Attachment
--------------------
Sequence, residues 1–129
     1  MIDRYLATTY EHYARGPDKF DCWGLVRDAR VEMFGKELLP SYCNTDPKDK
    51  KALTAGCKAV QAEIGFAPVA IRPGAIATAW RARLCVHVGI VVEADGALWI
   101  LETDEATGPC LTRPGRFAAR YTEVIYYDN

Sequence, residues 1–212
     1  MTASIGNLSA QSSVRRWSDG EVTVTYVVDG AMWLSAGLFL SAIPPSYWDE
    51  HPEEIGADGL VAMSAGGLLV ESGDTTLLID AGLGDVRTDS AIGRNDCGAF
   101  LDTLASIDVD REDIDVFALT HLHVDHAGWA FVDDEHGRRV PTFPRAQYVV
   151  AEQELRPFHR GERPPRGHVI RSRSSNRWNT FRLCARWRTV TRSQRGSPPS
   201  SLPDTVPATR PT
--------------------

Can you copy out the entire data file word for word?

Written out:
Sequence, residues 1–129
     1  MIDRYLATTY EHYARGPDKF DCWGLVRDAR VEMFGKELLP SYCNTDPKDK
    51  KALTAGCKAV QAEIGFAPVA IRPGAIATAW RARLCVHVGI VVEADGALWI
   101  LETDEATGPC LTRPGRFAAR YTEVIYYDN

Sequence, residues 1–212
     1  MTASIGNLSA QSSVRRWSDG EVTVTYVVDG AMWLSAGLFL SAIPPSYWDE
    51  HPEEIGADGL VAMSAGGLLV ESGDTTLLID AGLGDVRTDS AIGRNDCGAF
   101  LDTLASIDVD REDIDVFALT HLHVDHAGWA FVDDEHGRRV PTFPRAQYVV
   151  AEQELRPFHR GERPPRGHVI RSRSSNRWNT FRLCARWRTV TRSQRGSPPS
   201  SLPDTVPATR PT